Summary:

South Korean researchers created tiny “fingerprints” covered in a random pattern of silver nanowires covered in fluorescent dye. Replicating them would be expensive and difficult.

South Korean researchers have discovered a way to make items like credit cards and bills nearly impossible to replicate: Attach a small tag sprinkled with carbon nanotubes that acts as a totally unique fingerprint.

“Compared to other anti-counterfeit methods, the fingerprints are cheap and simple to produce, they are extremely difficult to replicate and can be authenticated very straightforwardly,” lead author Hyotcherl Ihee said in a release. His team, which is composed of scientists from the Korea Advanced Institute of Science and Technology and Institute for Basic Science, published their work today in Nanotechnology.

Silver nanowires are microscopic slivers of silver that, on the fingerprints, measured less than half a millimeter across. Their tininess means that they are difficult to manipulate outside of an advanced laboratory. The fingerprints are manufactured by adding 20 to 30 nanotubes to a thin plastic film in a random pattern.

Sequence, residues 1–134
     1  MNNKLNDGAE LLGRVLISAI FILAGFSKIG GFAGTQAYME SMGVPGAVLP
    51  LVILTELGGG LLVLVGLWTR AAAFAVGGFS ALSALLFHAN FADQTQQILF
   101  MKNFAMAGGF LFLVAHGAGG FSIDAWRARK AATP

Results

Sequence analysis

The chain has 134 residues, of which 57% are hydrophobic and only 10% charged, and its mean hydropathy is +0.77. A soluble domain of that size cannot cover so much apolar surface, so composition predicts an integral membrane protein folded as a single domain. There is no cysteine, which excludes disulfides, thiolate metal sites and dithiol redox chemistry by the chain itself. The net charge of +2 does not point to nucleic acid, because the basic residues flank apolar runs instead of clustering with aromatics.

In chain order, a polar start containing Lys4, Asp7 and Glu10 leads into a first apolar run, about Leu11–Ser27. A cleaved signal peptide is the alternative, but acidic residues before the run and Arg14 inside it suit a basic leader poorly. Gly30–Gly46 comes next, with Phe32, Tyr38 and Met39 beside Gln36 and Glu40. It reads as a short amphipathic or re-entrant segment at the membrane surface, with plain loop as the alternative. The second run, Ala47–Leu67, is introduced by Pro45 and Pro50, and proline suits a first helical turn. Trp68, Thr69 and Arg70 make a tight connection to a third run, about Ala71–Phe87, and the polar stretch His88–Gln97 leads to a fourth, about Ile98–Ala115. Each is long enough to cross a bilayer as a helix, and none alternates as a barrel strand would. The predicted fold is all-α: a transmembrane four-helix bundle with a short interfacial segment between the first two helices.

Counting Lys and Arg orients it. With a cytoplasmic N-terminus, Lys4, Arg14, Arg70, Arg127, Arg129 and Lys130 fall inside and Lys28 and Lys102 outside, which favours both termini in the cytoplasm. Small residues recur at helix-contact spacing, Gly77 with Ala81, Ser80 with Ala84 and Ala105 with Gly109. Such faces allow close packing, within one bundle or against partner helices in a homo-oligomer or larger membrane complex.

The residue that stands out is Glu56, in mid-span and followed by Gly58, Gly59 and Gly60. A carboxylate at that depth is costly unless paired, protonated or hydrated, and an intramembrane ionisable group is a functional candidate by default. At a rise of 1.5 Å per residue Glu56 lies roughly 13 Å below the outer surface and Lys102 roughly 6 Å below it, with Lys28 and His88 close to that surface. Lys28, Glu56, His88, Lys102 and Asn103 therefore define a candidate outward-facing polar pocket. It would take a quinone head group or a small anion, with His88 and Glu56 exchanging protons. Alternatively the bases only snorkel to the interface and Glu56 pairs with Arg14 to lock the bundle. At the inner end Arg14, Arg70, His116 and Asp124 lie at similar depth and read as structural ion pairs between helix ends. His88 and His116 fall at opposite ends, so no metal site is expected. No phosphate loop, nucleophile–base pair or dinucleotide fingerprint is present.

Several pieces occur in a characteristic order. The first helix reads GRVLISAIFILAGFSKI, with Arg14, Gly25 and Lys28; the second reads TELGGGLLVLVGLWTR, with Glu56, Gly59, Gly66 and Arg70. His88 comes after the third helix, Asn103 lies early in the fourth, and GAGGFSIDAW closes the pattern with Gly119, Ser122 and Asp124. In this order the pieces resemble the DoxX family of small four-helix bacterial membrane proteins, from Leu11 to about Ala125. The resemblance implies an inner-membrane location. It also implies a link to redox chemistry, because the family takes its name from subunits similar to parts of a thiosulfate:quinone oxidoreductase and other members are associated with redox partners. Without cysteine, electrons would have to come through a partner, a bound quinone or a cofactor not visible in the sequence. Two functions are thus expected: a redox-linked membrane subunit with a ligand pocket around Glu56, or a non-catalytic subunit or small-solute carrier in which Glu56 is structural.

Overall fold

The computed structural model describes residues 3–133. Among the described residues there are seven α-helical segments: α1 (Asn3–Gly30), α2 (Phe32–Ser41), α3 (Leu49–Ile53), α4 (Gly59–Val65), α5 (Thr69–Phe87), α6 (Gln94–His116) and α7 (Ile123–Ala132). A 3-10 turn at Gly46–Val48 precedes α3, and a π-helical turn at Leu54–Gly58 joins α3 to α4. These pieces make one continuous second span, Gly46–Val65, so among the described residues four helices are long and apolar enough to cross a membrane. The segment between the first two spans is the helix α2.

Thin films are coated with silver nanowires dipped in fluorescent dye. Photo courtesy of Nanotechnology.

Thin films are coated with silver nanowires dipped in fluorescent dye. Photo courtesy of Nanotechnology.

While counterfeiters could get their hands on silver nanowires, it’s highly unlikely that they would have the equipment to place the nano-scale structures in the exact same formation. Buying and using the equipment would be more expensive than the good they are trying to counterfeit.

To further complicate the manufacturing process, the researchers dipped the nanowires in fluorescent dye before adding them to the film. And while the silver nanowires would be difficult to see, the pattern created by the dye can be viewed under a microscope to verify if a fingerprint is legitimate. The person checking the item could then compare it against a database to see if it is real.

The team estimates it would cost less than $1 to manufacture each fingerprint, and they could be integrated into bills, credit cards and large goods like statues and paintings.

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